A few months ago Samsung said that the new Galaxy S3 has a Pentile display (a 4.8" 1280x720 HD Super AMOLED one to be exact) because PenTile increased the lifetime of OLED panels. I have discussed this with Joel Pollack, an Executive VP at Nouvoyance (Samsung's company that developed the PenTile matrix scheme), and he explains this claim further.
An OLED display is made from colored (RGB) sub pixels. A blue OLED has the lowest luminous efficiency (lower then red and green) and so needs to be driven at higher current - which means a lower lifetime.
In a PenTile display, there are only two subpixels per pixel, with twice as many green pixels than red and blue ones (see the image above). This enables larger sub-pixels, and a higher aperture ratio (or fill factor - the ratio of active area to nonactive area). This reduces the current density required to achieve a given luminance - which improves lifetime.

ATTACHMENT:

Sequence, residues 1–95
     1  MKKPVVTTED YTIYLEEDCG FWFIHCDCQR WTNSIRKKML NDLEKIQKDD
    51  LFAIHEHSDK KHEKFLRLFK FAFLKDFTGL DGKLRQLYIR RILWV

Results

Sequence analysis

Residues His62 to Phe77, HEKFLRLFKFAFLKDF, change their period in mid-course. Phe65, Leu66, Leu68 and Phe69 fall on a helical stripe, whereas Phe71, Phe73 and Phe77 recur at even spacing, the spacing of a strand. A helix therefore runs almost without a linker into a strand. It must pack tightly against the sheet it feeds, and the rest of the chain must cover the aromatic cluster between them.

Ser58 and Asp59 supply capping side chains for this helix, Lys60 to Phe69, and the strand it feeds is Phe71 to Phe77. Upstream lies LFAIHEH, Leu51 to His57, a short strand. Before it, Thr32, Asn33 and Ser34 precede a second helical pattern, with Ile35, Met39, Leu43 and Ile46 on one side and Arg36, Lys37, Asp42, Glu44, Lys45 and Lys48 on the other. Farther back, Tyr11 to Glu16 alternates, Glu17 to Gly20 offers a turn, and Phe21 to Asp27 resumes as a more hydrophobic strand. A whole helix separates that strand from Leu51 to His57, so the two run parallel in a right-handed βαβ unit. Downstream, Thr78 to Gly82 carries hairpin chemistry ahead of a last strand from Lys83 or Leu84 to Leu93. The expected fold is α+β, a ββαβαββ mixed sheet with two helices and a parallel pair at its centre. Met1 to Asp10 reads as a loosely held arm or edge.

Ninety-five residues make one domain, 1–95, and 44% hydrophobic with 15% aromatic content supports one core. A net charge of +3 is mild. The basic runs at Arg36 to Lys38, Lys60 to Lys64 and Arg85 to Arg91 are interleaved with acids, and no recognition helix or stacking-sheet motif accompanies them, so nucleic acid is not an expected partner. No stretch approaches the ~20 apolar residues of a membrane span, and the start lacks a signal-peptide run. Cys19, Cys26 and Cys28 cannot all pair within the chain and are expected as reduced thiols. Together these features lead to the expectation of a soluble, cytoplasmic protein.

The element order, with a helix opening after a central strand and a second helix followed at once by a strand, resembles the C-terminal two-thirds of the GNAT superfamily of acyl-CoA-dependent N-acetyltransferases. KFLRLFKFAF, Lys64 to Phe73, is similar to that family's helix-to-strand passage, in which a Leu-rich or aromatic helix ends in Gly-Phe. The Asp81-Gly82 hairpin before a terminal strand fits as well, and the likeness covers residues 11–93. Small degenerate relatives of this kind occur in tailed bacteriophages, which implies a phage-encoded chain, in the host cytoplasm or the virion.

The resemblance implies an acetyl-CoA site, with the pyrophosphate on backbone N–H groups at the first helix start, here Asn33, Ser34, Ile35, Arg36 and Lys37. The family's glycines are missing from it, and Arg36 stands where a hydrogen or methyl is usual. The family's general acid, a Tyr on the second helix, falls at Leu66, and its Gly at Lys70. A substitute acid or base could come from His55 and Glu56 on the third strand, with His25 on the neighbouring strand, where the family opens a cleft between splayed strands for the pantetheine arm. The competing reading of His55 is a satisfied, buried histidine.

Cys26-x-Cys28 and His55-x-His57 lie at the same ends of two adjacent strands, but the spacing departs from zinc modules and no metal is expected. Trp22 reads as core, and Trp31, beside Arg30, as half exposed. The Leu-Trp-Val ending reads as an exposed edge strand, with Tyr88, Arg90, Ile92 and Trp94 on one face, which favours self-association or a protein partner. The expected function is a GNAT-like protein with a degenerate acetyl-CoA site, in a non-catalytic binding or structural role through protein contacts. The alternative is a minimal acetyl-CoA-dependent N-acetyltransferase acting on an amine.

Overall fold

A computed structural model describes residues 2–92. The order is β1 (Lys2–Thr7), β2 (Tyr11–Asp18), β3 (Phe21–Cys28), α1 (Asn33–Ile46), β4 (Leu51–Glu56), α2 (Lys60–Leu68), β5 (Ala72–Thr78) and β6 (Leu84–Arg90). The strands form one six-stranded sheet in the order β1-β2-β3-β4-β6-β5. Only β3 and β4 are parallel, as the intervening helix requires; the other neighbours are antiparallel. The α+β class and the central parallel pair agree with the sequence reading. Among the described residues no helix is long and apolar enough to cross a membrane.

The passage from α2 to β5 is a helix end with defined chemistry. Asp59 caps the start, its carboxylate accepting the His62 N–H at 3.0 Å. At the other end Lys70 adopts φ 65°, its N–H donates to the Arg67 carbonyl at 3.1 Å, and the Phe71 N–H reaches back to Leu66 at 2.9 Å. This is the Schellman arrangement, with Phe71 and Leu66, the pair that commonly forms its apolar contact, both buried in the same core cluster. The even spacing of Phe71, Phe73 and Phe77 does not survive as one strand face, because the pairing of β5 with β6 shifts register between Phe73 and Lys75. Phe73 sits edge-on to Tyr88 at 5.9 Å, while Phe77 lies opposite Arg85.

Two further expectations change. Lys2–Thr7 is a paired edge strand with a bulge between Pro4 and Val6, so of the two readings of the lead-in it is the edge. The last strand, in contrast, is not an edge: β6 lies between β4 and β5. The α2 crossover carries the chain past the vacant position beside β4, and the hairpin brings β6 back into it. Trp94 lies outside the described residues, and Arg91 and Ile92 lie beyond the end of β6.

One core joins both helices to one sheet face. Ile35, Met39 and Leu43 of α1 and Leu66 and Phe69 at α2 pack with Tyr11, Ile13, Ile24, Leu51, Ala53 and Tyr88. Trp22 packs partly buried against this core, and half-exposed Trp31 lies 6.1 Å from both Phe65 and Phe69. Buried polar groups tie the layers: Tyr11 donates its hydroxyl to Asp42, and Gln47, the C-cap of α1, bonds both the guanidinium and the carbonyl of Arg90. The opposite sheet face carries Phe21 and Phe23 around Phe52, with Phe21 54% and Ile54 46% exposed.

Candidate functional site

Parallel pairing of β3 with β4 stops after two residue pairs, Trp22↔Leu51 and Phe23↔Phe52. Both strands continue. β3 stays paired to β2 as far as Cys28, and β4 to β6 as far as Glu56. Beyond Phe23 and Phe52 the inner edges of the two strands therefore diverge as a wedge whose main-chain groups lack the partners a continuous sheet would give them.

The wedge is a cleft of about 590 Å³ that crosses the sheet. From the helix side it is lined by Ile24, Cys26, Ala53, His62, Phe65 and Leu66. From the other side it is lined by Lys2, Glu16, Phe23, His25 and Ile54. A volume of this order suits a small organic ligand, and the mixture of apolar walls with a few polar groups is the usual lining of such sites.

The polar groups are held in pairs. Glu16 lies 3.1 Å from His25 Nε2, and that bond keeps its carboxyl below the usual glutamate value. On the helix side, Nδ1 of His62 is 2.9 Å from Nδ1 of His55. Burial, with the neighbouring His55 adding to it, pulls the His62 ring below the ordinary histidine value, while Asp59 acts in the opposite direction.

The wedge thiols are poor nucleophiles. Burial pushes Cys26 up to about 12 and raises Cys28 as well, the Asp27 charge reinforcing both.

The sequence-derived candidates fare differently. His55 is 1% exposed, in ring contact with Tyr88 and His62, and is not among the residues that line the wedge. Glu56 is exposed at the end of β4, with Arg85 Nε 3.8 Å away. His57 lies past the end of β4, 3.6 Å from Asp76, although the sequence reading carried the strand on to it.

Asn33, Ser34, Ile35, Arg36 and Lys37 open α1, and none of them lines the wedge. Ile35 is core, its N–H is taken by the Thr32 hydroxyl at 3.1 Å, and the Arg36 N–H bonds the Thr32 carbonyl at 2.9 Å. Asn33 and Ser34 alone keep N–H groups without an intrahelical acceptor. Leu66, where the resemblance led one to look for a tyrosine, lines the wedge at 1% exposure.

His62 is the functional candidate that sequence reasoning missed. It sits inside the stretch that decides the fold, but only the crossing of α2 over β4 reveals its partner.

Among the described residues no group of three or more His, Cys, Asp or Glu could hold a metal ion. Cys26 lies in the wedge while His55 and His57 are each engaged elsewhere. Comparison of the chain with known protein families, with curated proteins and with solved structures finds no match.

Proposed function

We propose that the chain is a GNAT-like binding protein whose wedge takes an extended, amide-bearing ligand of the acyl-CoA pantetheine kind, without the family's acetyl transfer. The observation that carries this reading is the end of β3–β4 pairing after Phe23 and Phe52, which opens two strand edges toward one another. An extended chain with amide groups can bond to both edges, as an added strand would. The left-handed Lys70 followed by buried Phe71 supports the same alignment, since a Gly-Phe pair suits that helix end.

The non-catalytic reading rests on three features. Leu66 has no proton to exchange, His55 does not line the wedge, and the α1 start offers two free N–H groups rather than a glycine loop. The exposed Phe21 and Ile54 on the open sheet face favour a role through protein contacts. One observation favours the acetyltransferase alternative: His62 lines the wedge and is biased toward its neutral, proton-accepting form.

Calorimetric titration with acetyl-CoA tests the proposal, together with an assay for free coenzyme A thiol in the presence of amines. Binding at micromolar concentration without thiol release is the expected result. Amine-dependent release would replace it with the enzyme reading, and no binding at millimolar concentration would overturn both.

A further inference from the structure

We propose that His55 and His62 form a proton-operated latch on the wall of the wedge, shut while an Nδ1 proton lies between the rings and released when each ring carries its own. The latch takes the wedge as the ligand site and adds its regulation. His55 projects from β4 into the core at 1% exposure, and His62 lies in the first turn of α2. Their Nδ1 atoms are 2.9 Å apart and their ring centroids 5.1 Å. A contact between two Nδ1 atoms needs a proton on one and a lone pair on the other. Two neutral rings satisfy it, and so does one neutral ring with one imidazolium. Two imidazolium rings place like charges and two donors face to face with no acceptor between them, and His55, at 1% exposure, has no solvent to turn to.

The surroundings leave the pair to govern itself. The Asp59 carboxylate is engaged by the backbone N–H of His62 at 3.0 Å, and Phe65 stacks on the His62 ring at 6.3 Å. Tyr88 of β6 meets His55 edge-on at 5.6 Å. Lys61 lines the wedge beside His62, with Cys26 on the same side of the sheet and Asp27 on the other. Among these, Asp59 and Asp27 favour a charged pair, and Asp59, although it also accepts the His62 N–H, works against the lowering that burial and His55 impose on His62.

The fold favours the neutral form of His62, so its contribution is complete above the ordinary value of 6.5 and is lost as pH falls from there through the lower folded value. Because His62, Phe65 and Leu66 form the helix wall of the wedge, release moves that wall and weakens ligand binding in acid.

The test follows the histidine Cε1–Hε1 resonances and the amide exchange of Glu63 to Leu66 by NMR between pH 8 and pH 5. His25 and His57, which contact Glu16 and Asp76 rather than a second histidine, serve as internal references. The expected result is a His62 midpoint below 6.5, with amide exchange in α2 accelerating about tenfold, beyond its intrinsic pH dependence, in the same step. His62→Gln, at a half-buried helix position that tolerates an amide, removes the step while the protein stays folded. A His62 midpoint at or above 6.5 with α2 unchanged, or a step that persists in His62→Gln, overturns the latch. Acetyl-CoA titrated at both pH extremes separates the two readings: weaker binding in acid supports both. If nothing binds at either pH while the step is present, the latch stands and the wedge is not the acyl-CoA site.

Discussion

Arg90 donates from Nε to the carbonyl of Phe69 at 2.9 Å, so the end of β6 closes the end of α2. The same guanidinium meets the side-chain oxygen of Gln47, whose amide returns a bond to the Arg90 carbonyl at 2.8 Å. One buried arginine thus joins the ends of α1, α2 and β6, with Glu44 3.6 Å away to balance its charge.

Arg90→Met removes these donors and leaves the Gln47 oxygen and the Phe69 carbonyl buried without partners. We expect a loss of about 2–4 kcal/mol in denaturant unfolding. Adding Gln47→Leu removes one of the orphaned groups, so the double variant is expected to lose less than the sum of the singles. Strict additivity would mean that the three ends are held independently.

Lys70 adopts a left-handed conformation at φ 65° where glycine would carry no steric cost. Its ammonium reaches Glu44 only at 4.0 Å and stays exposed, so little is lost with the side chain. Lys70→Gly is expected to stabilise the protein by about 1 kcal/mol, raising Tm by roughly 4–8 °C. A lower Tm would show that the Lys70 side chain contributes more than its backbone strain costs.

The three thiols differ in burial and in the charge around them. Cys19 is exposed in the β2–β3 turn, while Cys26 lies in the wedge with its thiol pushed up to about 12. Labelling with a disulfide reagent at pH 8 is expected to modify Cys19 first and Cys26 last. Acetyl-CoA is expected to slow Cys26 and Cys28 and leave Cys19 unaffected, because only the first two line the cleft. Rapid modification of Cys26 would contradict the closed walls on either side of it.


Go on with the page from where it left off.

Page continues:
Joel says that in current OLED technology for a display with a resolution of more than 230 ppi it's hard for Samsung to achieve good lifetime without PenTile. At 230 ppi and below, actually, PenTile is not recommended (as the Pentile pattern is too visible), and indeed Samsung uses Super AMOLED Plus displays (which use real-stripe and not Pentile) in the 230 ppi range or lower.
Until blue OLED efficienty is improved, Nouvoyance expects Samsung to keep using PenTile for high density displays. Even if they do manage to produce 350 ppi displays soon, they may have to use PenTile still. Even when the lifetime is good enough for real-stripe, PenTile has an advantage in improved brightness.
Of course a lot of people do not like PenTile. The pattern is somewhat visible even at high resolutions, and this can be annoying for some people. Samsung is also being accused of marketing a "false" resolution. This does not stop Samsung's Pentile phones from being very popular though.